Patent crusade benefits whom?
Is it possible that an aggressive hedge fund manager could be out to make the world a better place for patients who depend on crazy-expensive medication to battle serious illnesses?
Don’t be ridiculous.
The hedge fund manager in question is Kyle Bass of Hayman Capital Management in Dallas. Bass has been making waves lately by challenging the patents that drug and biotech companies hold for some of their most important and lucrative medicines.
In public comments, Bass has criticized a “small minority of drug companies” that he said have used illegitimate patents to sustain an “anticompetitive high-price monopoly to the detriment of Americans suffering from illness.”
So far, six patents have been challenged this year by an organization called the Coalition for Affordable Drugs, which sounds like a big tent full of rightfully outraged patients but is actually a wholly owned subsidiary of Bass’s investment business.
“A small number of monopolistic drug franchises that have gone unchecked have become our special focus,” Bass wrote to leaders of the House Judiciary Committee in April. He said drug patent abuses “are taxes on the US economy, public welfare, and every citizen afflicted by diseases that range from multiple sclerosis to narcolepsy.”
Last week, the coalition challenged a patent held by Biogen Inc. covering Tecfidera, the Cambridge company’s oral treatment for multiple sclerosis. Tecfidera happens to be the best selling drug at the biggest biotech company in Massachusetts and generated a whopping $825 million in sales during the first three months of this year.
More on Biogen and Tecfidera in a minute.
Bass became a star in the hedge fund world eight years ago, when he made a fortune betting on a housing market crash in the United States. He’s since made bold investments anticipating a debt crisis in Japan that has not happened so far, and a big business recovery for General Motors Co., which has improved modestly.
Bass announced his plans to challenge drug patents in January, promising to target more than a dozen companies with a combined market value of $450 billion. He has followed through in recent months, using a relatively new law written with a very different purpose in mind.
The America Invents Act of 2012 included a process meant to help companies fight so-called patent trolls holding them up in court. Trolls often acquire dubious intellectual property, claim the products of established companies infringe on their patents, and demand payments.
The new law gives third parties the ability to request a review of any unexpired patent by the Patent and Trademark Office, avoiding a lengthy court challenge in the process. It’s an express lane for patent challenges, a process that typically costs big money and takes years to resolve in lawsuits.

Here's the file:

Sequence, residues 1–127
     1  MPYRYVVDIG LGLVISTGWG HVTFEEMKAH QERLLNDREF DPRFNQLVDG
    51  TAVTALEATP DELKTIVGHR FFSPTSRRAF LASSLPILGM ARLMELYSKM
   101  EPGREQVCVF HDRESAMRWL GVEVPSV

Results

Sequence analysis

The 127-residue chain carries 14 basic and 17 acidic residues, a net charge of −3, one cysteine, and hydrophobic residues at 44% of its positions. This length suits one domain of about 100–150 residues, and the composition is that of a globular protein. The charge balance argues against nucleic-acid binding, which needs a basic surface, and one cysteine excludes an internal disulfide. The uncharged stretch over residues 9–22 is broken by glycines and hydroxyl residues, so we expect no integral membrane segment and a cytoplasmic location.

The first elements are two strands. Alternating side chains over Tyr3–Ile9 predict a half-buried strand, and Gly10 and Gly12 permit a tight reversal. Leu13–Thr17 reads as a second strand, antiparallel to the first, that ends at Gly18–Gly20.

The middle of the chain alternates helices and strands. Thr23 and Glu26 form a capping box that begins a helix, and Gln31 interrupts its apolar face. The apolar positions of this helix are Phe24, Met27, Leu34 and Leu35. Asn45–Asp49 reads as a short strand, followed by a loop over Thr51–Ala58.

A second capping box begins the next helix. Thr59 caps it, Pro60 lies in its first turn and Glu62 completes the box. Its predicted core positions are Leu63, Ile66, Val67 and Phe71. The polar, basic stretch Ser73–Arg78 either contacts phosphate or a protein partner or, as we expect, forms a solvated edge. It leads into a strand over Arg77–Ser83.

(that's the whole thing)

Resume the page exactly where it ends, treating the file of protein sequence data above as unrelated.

The Coalition for Affordable Drugs used that process to challenge patents held by Shire Pharmaceuticals and Celgene Corp.
Though Bass mentions the economic hardship suffered by patients — which could be an entirely legitimate complaint — hedge funds are in the business of making money.
So how does that work?
Bass doesn’t talk about it (I got only an e-mailed copy of his company’s statement on the subject) but stock analysts who follow the drug industry believe Hayman Capital attempts to drive the company’s stock price down with the patent challenge and profit on that decline. Multiple news accounts report that Bass’s strategy is to short a drug company’s stock — betting it will lose value in the future — and then file a patent challenge for the world to see.
That worked when the coalition filed its first challenge. The shares of Accorda Therapeutics Inc. fell about 10 percent as a result.
But most of the other companies challenged by Bass have not been hurt so far in the stock market. Shire shares slipped briefly after the coalition filed a challenge but recovered. Other stocks appeared entirely unaffected.
Here’s the problem with the strategy: Patent challengers can only hurt a company, and drive down the value of its stock, if they create a clear opportunity for generic drug makers to get their hands on a particular treatment, said Jason Gerberry, a drug stock analyst at Leerink Partners in Boston.
Many drugs are covered by a half- dozen or more patents and may have additional legal protection. Invalidating one patent won’t do the trick.
“At the end of the day, the market has vetted a lot of this already,” said Gerberry. Professional drug stock investors “are not totally naïve to these patent issues.”
That was certainly the case at Biogen. Its stock showed no clear reaction when Bass challenged patent No. 8,759,393, covering Tecfidera.
“We don’t think it’s going to have an impact on our ability to continue to sell the drug,” chief executive George Scangos said last week in response to a question about the Bass challenge on a quarterly conference call with stock analysts.
Like other companies targeted by Bass, Biogen has a number of patents protecting its prized drug. Gerberry said that big institutional investors are also unlikely to dump Biogen because they see big potential in the company’s other products in development, particularly its drug for Alzheimer’s patients.
Kyle Bass may have a point about some pharmaceutical patents, and I’m certainly not about to canonize the people running drug companies. But hedge fund managers aren’t in the business of helping suffering Americans, unless there’s good money in it.
That doesn’t look like a good bet so far.